Murderecords, 2010

A belated accompaniment to their A-Sides Win collection of 2005, this digital-only compilation from Canada’s greatest pop combo brings together all officially recorded extras that have found their way onto limited b-sides and extra tracks for the diligent Japanese contingent. All 26 tracks and 94 minutes worth, including a superb set of track by track liner notes from the boys themselves.

Having been an active band since the very early 90’s, Sloan are still something of an anomaly in the music world. Highly regarded, and rightly so, in their home country, but never the recipient of that commercial break which paves a yellow brick road to universal recognition. For a band of four talented and diverse songwriters, Sloan were the epitome of the great guitar band that evolved into a secret musical handshake.

This collection, and indeed their recent 5 track download-only EP Hit & Run, is evidence of Sloan’s foray into the digital download world, something that I perceive every band who owns their own recordings will eventually, and positively should, aspire to do. B Sides Win is a release that fans have been chomping at the bit to secure for many years now, and while there’s the odd absent obscurity, it does unearth many hitherto unknown/unheard gems. Props go to the “Hear and Now” version of the solid gold Sloan classic “Underwhelmed” that fits somewhere inbetween the shoegaze drone of the Peppermint EP track and the grunge-ified Smeared re-recording. Whoever would have known an acoustic guitar track lay lurking?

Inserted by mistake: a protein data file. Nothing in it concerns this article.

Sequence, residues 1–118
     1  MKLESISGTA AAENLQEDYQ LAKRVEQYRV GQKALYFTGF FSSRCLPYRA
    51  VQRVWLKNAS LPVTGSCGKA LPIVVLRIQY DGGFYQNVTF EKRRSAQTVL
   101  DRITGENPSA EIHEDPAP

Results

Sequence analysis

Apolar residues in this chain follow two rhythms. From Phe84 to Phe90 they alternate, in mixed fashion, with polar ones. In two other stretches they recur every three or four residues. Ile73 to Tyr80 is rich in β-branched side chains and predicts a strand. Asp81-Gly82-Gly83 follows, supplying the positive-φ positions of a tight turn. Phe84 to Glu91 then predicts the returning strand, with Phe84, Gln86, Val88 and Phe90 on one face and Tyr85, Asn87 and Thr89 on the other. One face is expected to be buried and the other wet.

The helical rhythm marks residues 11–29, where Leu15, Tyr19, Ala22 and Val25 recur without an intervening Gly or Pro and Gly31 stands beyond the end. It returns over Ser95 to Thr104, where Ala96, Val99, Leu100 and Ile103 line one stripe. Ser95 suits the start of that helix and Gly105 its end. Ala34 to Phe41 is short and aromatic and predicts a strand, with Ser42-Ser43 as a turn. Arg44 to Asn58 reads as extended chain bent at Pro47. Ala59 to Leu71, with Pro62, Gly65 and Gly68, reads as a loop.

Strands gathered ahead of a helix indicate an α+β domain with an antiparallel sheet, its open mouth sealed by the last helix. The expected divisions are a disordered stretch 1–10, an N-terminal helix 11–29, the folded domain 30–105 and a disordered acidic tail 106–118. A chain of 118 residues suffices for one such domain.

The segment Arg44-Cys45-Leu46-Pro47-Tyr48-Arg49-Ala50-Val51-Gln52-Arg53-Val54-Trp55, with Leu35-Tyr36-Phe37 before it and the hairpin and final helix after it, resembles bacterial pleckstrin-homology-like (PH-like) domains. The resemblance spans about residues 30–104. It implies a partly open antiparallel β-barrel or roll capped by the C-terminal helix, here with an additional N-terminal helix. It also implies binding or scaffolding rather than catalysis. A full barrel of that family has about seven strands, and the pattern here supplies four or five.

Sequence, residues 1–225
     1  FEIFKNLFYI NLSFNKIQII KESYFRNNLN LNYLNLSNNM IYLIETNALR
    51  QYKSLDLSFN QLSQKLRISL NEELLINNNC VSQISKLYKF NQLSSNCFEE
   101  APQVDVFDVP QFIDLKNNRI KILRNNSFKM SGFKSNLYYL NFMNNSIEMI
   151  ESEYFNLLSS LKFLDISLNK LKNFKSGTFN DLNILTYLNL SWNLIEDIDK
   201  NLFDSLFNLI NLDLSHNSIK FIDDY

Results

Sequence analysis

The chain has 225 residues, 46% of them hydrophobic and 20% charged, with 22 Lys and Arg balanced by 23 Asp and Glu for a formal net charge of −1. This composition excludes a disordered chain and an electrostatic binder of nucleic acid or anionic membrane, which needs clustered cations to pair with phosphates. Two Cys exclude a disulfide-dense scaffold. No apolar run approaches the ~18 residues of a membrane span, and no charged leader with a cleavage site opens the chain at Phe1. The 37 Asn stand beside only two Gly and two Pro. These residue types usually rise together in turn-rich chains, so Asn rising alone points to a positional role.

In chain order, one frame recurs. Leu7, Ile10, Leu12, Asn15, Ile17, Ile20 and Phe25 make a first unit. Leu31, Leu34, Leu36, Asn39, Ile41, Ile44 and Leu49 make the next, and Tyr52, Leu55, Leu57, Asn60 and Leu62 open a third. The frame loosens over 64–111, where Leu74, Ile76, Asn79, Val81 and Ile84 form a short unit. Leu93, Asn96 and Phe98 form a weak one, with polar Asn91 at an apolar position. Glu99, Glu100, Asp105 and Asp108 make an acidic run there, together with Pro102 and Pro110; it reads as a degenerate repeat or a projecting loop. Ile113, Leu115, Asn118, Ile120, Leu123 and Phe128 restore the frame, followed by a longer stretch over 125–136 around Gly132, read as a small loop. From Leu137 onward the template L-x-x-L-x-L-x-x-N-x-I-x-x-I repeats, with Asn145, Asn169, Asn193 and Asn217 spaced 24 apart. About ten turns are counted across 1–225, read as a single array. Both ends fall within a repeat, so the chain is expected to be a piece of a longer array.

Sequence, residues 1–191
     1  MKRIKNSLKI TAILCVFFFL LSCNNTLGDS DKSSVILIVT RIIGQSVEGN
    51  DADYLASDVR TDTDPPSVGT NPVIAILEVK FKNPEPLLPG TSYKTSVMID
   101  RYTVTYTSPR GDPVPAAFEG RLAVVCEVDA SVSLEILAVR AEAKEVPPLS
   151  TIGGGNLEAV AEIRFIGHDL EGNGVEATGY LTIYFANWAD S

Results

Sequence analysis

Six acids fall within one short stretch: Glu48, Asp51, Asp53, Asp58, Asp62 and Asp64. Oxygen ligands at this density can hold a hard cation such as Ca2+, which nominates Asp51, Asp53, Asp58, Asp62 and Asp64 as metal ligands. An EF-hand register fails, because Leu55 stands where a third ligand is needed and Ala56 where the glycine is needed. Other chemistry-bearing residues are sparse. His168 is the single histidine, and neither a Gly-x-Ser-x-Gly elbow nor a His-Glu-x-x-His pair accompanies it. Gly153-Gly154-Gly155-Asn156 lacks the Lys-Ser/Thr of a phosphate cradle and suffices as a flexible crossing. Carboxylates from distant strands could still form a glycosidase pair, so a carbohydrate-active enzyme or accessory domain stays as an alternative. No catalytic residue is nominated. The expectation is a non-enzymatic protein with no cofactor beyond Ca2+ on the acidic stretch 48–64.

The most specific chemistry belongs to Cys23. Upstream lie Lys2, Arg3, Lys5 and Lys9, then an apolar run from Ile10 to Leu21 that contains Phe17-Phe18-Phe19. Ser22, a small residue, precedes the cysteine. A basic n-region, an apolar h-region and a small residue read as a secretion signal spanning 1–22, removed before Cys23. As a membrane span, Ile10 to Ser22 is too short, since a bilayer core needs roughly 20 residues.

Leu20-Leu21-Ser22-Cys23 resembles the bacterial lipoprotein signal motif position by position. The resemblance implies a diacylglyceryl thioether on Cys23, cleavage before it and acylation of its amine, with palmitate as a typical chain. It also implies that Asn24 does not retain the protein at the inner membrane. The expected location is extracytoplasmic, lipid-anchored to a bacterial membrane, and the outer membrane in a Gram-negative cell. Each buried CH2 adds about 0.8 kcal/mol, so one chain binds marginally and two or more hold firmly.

Assembled in chronological order, the collection follows the band in their various musical guises and stages of development. Listening to tracks from the Smeared era is akin to looking at baby photos, watching Sloan take their first steps and making one hell of a racket, from the fertile guitar pop of “Amped” to the 8 rangy minute dirge of “Sleepover”. B-sides are generally known as the repository for the homeless or abandoned track, but Chris Murphy’s “Laying Blame” is an exception to the rule. It suffers from overdoing the overdrive in the bridge (the liner notes accede an obvious nod to My Bloody Valentine), but it’s a track that could easily stand on its own. The latent Sloan probably could (and should!) revisit this one day.

The blending of harmonies and Sloan’s move into a melody-driven beat group solidified around the time of their second album Twice Removed but is unfortunately under-represented in b-side form here. Still it’s the quality of later period tracks like  “At The End of the Scene”, “Will You Ever Love Me Again?” and “Even Though” which show that quality control in the Sloan camp could be a little too stringent, but it’s proof positive that if this is what gets left on the cutting room floor, Sloan’s best work is still ahead of them, just as long as parenthood and broken bones don’t get in the way.